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post #11 of 13 Old 04-08-2016, 09:37 AM
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Quote:
Originally Posted by jimmyj1776 View Post
Thanks for the advice, every reply has been helpful. It looks like I have no choice but to go back in with a 2 piece post. I will install the top of the post with the 2 braces, and then use a scarf joint to slide in the bottom piece of the post. I believe the best scarf joint for this application will be the tabled splice joint, posted by woodnthings, but without the wedge.
The above picture is one of my "bladed scarf joints" that I have taught others to use in post repairs. It can be cut in a standing post, if you do it in the right steps.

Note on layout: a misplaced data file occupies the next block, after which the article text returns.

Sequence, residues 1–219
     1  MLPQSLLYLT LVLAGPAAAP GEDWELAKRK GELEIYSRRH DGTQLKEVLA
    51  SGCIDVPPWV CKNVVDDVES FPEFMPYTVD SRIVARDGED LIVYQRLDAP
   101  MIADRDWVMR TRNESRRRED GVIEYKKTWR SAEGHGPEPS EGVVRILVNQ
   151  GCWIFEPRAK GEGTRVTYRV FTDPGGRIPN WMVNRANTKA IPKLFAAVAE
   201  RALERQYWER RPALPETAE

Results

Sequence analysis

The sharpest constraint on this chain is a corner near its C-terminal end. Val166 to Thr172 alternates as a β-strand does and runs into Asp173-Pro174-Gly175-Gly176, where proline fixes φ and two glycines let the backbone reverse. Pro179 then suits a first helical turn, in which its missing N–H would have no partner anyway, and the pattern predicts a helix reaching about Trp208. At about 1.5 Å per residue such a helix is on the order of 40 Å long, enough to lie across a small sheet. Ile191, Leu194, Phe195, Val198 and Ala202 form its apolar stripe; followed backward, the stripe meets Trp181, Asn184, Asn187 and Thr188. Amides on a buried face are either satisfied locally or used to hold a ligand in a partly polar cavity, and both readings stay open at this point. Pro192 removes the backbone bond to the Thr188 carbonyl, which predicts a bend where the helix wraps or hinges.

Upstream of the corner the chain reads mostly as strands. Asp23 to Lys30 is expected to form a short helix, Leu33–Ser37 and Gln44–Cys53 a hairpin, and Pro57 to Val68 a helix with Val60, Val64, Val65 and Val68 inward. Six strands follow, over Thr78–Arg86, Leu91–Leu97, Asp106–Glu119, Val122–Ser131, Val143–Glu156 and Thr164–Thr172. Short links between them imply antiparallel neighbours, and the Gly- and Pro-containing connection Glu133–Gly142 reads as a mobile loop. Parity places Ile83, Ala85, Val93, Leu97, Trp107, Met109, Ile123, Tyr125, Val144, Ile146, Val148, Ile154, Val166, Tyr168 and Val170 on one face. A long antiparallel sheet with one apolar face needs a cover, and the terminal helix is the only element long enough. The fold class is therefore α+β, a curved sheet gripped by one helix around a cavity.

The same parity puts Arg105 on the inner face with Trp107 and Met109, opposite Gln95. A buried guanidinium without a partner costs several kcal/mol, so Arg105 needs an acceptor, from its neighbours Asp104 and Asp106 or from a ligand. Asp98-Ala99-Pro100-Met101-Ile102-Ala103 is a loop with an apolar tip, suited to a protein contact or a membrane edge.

Or on the bench when making up a replacement post.
Jim Rogers.
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post #12 of 13 Old 04-08-2016, 10:17 PM
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Quote:
Originally Posted by Jim_Rogers View Post
The above picture is one of my "bladed scarf joints" that I have taught others to use in post repairs. It can be cut in a standing post, if you do it in the right steps.
Or on the bench when making up a replacement post.
Jim Rogers.
That's the one I was looking for. It has strength for multiple direction of forces.

Have a Blessed and Prosperous day in Jesus's Awesome Love, Tim
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post #13 of 13 Old 04-10-2016, 10:43 AM Thread Starter
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Here is another pic I found where the joint is being used in posts. These have an extra tab at end. My joint has to slide in from side so Ill not cut in the tab.